Auto emissions testing: Designed for failure
The U.S. Environmental Protection Agency’s IM-240 auto emissions test, used in a few states but rejected by others for its tendency to cause serious vehicle damage, is also likely to show false test failures, particularly in cool weather, according to automotive experts.
The IM-240 dynamometer or “treadmill” test takes longer to run than did the familiar “idle” emissions test. Compounding the delay is the fact that emissions testing centers generally employ relatively unskilled technicians, according to Robert Brooks, correspondent for the automotive trade publication Ward’s Engine and Vehicle Technology Update.
As a result of the delays, Brooks points out in a recent issue of the publication, a vehicle’s catalytic converter--a key component of its emissions control system--can cool down to the point where it no longer functions.
Edwin Martin, an automotive consultant to the Texas State Inspection Association and other industry groups, confirmed Brooks’ conclusions for Environment & Climate News. Martin noted that catalytic converters must be heated by engine exhaust to at least 500-600 degrees Fahrenheit to function effectively. He said that idling at low temperatures for as little as 10 minutes in a cool climate could drop converter temperatures below their minimum operating temperatures.
Brooks pointed out that motorists often wait longer that 10 minutes in Chicago’s frigid winter weather. He said test station attendants often have motorists turn their engines off while waiting, further exacerbating the problem.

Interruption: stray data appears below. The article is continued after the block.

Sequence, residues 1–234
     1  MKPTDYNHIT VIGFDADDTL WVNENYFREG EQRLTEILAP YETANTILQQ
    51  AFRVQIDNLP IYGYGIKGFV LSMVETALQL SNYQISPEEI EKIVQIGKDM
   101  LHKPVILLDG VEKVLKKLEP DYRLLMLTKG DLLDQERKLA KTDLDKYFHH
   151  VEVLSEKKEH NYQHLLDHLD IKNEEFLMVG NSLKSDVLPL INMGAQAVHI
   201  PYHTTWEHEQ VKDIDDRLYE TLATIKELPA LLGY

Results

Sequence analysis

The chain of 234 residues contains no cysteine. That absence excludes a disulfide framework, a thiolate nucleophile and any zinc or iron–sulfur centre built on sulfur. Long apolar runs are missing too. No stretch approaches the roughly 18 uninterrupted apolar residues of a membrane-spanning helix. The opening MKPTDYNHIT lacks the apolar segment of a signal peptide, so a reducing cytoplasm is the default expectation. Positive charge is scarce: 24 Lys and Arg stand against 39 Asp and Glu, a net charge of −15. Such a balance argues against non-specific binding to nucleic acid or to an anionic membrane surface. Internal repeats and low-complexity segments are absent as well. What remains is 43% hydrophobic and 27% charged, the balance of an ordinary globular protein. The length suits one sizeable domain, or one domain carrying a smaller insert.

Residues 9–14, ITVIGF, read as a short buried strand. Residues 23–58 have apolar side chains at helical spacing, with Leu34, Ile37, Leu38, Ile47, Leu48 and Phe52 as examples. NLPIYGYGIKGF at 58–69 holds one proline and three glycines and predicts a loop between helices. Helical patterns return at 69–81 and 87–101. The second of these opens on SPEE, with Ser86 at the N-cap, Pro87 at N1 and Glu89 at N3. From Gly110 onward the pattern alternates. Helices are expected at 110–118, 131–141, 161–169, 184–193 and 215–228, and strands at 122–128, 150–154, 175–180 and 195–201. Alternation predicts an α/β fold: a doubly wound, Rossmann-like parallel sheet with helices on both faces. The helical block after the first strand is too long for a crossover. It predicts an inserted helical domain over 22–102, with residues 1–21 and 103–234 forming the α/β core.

New Jersey, which also uses the EPA-preferred IM-240 test, experienced waiting times so long that the state’s governor, Christine Todd Whitman, sought relief from EPA. In a just-reached agreement, EPA permitted the state to revert to the older, quicker idle test, but only for cars that had been waiting in line at least 45 minutes.
In addition to the effect of delays on catalytic converters, Ward’s Brooks also cited other reasons why non-polluting cars nevertheless fail the test, including incorrect dynamometer settings and improper or even abusive testing by technicians.
Automotive industry experts say the only reason vehicles pass the misused test at all is the advances in engine design that have occurred in the last decade, notably advanced fuel injection, oxygen sensing and regulating systems, and close-tolerance machining.
The IM-240 test has been the subject of controversy since its inception. Automotive experts contend it is no more effective than the older, far less costly idle test it replaced at detecting “gross-polluting vehicles”--the source of the vast majority of automotive pollution emissions.
And unlike the idle test, the IM-240 has been shown to result in serious damage to tested vehicles. Since the IM-240’s launch in February 1999, there have been numerous complaints of vehicle damage, ranging from tire destruction to brake, engine, and transmission failures, according to reports received by Environment & Climate News. In Illinois, the state EPA has declined to provide specific information on vehicle damage claims, but a lawsuit filed in Chicago may make those records public. Ohio discontinued the test in favor of a simpler version, and the IM-240 is also being challenged in Arizona and California.